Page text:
Wine Recommendation
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Wine Recommendation

Black Star Farms 2005 Pinot Gris

Black Star Farms

2005 Arcturos Pinot Gris
(Old Mission Peninsula)

Although Black Star Farms, owned by Marylou and Don Coe, is located in Suttons Bay in Michigan's Leelanau Peninsula AVA, Pinot Gris grapes for this wine were sourced from the winery's Seven Hills Vineyard in the Old Mission Peninsula AVA.

The Arcturos moniker stems from the Bootes constellation that "guards the bear" on the label, represented by the mother and her two cubs of the famous Sleeping Bear Dunes (National Lakeshore on Michigan's "left" coast). As the Ojibwa tale goes, a mother bear and her two cubs flee a Wisconsin forest fire by attempting to swim to Michigan. Mother bear succeeds but her cubs don't. Mourning her cubs on a Michigan sandy beach, the "Great Spirit" takes pity and raises her cubs from the depths, forming North and South Manitou Islands.

Although winemaker Lee Lutes has been hailed by British wine writer Tom Stevenson as the best red wine maker Up North in Michigan, his 2005 Arcturos Pinot Gris demonstrates his talents in crafting this white grape variety that's on meteoric rise in the Old Mission Peninsula AVA. It's introduced by attractive floral notes punctuated by citrus and melon flavors and a lengthy finish.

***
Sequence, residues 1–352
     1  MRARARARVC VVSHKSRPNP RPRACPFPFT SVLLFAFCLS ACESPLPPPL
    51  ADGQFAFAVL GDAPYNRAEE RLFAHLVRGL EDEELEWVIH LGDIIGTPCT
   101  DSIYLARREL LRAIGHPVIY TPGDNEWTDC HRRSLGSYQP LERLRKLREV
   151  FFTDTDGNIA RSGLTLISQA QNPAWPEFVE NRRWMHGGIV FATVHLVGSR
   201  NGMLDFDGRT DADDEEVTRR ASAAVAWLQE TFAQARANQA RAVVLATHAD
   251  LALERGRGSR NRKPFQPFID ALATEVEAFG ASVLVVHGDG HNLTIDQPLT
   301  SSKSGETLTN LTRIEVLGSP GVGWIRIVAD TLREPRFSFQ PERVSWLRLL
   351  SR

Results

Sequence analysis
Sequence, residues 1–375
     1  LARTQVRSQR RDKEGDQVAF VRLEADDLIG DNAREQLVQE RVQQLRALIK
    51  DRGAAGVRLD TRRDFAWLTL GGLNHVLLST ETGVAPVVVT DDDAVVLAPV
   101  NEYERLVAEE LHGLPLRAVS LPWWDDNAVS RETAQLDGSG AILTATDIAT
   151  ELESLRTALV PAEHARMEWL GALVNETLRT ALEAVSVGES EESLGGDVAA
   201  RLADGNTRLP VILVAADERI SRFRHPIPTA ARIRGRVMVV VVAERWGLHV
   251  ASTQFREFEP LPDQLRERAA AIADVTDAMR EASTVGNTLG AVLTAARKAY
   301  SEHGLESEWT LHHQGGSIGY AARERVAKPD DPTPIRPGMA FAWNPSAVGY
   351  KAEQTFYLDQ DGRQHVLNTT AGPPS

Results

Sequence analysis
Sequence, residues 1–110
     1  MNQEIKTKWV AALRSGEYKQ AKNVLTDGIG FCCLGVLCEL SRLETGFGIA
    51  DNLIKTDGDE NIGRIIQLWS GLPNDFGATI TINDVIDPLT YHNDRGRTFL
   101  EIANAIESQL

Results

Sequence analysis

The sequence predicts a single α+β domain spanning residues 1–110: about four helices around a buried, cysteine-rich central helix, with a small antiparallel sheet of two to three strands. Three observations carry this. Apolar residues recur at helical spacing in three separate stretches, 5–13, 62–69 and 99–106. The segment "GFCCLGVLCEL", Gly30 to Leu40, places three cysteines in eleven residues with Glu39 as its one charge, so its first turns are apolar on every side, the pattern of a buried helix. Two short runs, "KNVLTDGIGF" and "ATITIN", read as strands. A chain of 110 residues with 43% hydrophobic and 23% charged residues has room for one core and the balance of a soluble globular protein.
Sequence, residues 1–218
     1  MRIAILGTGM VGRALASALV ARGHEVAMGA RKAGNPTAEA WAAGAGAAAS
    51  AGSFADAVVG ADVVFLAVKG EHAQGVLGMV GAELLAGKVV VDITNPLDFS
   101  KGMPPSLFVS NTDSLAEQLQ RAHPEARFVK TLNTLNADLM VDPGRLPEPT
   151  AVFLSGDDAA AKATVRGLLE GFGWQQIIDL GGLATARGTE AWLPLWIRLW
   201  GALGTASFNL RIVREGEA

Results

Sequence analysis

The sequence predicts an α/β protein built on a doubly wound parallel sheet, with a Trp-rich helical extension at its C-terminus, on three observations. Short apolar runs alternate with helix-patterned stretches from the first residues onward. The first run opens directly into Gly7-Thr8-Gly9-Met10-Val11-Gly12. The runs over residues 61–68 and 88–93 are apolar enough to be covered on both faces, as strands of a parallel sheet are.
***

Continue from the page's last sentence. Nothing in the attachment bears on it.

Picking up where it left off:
Michigan is known for its whitefish and with it, the Black Star Farms 2005 Arcturos Pinot Gris shows its mineral qualities. With shellfish, its citrus touch makes a perfect pairing and with simply grilled wild caught salmon, it's a totally sophisticated orchestration.

This wine was awarded a gold medal at the 2006 Michigan Wine & Spirits Competition.

Reviewed September 13, 2006 by Eleanor & Ray Heald.

The Wine

Winery: Black Star Farms
Vintage: 2005
Wine: Arcturos Pinot Gris
Appellation: Old Mission Peninsula
Grape: Pinot Gris / Grigio
Price: 750ml $13.50

Review Date: 9/13/2006

The Reviewer

Eleanor & Ray Heald

The Healds have been writing about wine since 1978 and have focused on appellation significance in many of their world beat writings. They value recognizing site personality (terroir) within an appellation's wines. They praise balance and elegance in wines styled to pair well with food and eschew over-extraction, high alcohol and heavy-handed oak. “Delicious” is their favorite descriptor for a great, well-made wine.